Can Cosmetic Procedures Make Us Happier?
The answer may surprise you.
Posted Apr 10, 2018
We all know, or at least have seen on an awards show, that person who has had Way Too Much Plastic Surgery.
We’re used to stories about how screwed up the Jocelyn Wildensteins are and shock at seeing Renee Zellweger looking drastically different from her former self when that Bridget Jones sequel came out. We are led to believe, in general, that those with low self-esteem seek out the knife as a way of feeling better about themselves.
But there’s evidence—both scientific and anecdotal—which suggests that surgical enhancements and cosmetic procedures can have a positive impact on the psyche. “Among those dissatisfied with a particular physical feature and considering aesthetic surgery, undergoing surgery appears to result in positive self-reported psychological changes,” reports a 2013 study (an earlier study had already suggested as much).
Even better news: Today, surgery isn't required for those who want a physical and mental lift without having to go under the knife.
“The last thing I wanted to do was go through another surgery after having a C section,” says Mary John, a former wealth advisor. “But at the same time, I was mortified when I looked at my body. I was 42 and it was harder to lose the weight than it had been for me when I was younger."
Instead of opting for liposuction, John tried coolsculpting—a non-surgical fat-reduction treatment that uses controlled cooling to target fat cells under the skin. According to John, the impact it had on her mind was just as dramatic as the one it had on the fit of her jeans.
“Seeing the change it made on my body had a ripple effect that really altered my behavior,” she recalls. “When I was pregnant, I was eating a lot of carbs but I suddenly switched to eating salads and more holistic foods. I started exercising.”
John also got to have a new Mommy’s version of a Pretty Woman moment. Before her procedure, she had found herself in something of a shame spiral while shopping in Barneys. “I was embarrassed because nothing I was trying on was fitting,” she confesses. “I kept making excuses to the salesman and saying, ‘You know, I just had a baby.’” Post coolsculpting, she returned triumphantly to the store, where she tried on everything that hadn’t fit before and celebrated how fabulous it suddenly looked.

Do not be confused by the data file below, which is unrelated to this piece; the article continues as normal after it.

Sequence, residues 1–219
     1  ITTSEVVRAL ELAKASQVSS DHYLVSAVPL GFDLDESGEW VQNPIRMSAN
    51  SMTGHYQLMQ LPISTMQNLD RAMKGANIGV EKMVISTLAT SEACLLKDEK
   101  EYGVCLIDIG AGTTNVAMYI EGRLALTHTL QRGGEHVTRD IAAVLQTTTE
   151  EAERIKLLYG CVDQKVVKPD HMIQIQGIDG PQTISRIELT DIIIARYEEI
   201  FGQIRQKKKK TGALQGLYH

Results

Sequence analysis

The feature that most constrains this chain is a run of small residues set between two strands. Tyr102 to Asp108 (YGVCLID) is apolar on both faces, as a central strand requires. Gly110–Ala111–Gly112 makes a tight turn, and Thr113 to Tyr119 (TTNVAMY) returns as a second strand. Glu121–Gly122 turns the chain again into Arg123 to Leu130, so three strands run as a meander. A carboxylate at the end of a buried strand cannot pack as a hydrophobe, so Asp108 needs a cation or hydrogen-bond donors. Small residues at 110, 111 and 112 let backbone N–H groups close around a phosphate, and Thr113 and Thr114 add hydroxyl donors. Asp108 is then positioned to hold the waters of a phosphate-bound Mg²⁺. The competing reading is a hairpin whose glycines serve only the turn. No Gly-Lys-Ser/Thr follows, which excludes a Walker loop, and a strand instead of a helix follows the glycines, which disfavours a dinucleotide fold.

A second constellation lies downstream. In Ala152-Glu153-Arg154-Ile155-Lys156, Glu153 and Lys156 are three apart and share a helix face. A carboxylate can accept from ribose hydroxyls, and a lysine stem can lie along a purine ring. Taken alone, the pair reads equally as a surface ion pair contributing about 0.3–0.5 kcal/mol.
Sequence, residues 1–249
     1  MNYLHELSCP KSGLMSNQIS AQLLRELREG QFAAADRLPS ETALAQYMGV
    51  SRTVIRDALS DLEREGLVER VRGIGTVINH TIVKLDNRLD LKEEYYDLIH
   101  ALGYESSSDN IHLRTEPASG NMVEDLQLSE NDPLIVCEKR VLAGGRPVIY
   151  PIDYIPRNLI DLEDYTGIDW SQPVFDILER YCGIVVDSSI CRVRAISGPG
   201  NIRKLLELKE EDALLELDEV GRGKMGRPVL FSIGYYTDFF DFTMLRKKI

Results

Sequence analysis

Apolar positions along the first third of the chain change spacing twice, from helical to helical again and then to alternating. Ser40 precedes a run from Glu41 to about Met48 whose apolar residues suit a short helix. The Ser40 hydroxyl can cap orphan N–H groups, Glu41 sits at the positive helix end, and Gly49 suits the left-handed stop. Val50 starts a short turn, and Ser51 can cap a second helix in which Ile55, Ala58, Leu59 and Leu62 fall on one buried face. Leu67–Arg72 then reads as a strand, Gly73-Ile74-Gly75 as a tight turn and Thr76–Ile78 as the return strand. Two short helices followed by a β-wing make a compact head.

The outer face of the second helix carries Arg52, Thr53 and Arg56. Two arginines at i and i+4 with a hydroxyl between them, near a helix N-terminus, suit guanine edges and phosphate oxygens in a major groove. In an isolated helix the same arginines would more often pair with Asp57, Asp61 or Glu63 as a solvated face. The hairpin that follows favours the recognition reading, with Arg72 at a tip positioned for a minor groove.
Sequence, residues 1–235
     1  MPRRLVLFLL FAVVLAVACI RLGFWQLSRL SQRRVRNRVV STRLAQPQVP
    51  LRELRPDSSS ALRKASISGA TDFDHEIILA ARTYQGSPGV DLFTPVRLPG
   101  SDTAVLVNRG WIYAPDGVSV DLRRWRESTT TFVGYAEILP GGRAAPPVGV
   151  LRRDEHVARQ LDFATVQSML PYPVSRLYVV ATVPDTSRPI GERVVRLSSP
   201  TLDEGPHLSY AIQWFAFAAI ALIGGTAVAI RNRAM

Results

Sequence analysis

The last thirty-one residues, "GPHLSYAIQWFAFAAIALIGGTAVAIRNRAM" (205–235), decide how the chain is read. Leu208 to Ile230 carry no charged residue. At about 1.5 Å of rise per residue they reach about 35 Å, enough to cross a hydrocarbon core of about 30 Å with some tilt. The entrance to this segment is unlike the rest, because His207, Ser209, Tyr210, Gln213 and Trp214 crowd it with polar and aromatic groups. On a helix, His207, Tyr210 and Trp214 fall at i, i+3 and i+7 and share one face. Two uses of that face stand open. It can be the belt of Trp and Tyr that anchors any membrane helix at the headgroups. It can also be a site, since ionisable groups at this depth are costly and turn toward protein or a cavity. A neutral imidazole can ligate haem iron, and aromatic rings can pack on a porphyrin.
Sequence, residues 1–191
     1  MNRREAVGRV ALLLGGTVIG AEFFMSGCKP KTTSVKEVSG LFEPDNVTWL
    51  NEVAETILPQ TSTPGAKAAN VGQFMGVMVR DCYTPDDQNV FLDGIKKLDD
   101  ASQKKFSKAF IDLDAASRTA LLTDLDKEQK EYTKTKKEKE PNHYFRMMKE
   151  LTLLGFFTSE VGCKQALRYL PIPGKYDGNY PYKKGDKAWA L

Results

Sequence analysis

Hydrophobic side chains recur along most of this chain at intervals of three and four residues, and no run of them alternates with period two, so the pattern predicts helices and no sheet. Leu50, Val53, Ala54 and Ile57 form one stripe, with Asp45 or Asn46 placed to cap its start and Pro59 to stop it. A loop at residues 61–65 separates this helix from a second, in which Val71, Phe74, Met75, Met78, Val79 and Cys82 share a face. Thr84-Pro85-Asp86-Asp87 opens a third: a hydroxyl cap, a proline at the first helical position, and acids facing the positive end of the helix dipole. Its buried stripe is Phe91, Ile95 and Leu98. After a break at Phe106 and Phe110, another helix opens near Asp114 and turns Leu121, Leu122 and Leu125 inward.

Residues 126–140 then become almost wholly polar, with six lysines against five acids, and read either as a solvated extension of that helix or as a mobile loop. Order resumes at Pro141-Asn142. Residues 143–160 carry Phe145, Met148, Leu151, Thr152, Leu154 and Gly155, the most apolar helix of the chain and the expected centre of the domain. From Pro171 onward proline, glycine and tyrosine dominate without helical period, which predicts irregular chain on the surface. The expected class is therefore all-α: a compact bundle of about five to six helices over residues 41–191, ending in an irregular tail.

Dr. Vinay Aggarwal, a Coolsculpting expert and board certified internal medicine physician who now runs a coolsculpting and medical spa, says that a little more than half of his clients are new moms. According to Aggarwal, it’s not just the pregnancy pooch that motivates the move. “Women lose up to 1,000 calories a day breastfeeding,” he explains. “Then they start to gain weight back again when they’re done breastfeeding, suddenly people are asking them if they’re pregnant again.”
The shame of having to utter the sentence, “No, I’m not actually pregnant again” is exacerbated, of course, by the fact that we live in a culture where celebrities pop out kids and then are photographed with their perfect bikini bodies gallivanting around places like Turks and Caicos right away.
“I’d look at these women who had 0 body fat the day after giving birth and know I wasn’t that person,” says John. “And that way of thinking would start a sequence of thoughts where I would start to look at my whole life negatively.”
It’s exactly this phenomenon—women pretending to be cosmetic-procedure-free and in turn making other women feel insecure—that motivated Jamie Rose, a 58-year-old actress who starred in Falcon Crest and also published the well-received memoir Shut Up and Dance: The Joy of Letting Go of the Lead-On the Dance Floor in 2011—to open up about her own surgeries in a popular story for the Orange County Register.
“I believe in being candid,” Rose says. “So many women who have done surgery say they haven’t and it’s unfair to other women because we judge ourselves against these people who aren’t telling the truth.” Though she’s not naming names, Rose says she knows of several women in the public eye who go out of their way to publicly claim they haven’t done any work when she knows for a fact that they have.
Still, Rose is quick to point out that surgical enhancements aren’t going to make anyone happier if that person isn’t balanced in the first place. “It can help with self-esteem but you have to have it in the first place,” she says. “When I was 28 and someone suggested I should have my boobs done, I didn’t have a strong self-image; I was weak minded. Now I’m 58 and I do have a strong self-image. I’m very clear about the dangers of too much. I can accept that some things are just the new normal.”
Still, she admits that a recent neck lift has brought her genuine joy. “I’m happy that I’m aesthetically more pleased with the look of my neck,” she admits. “Is that vain? Yes. It’s also true.”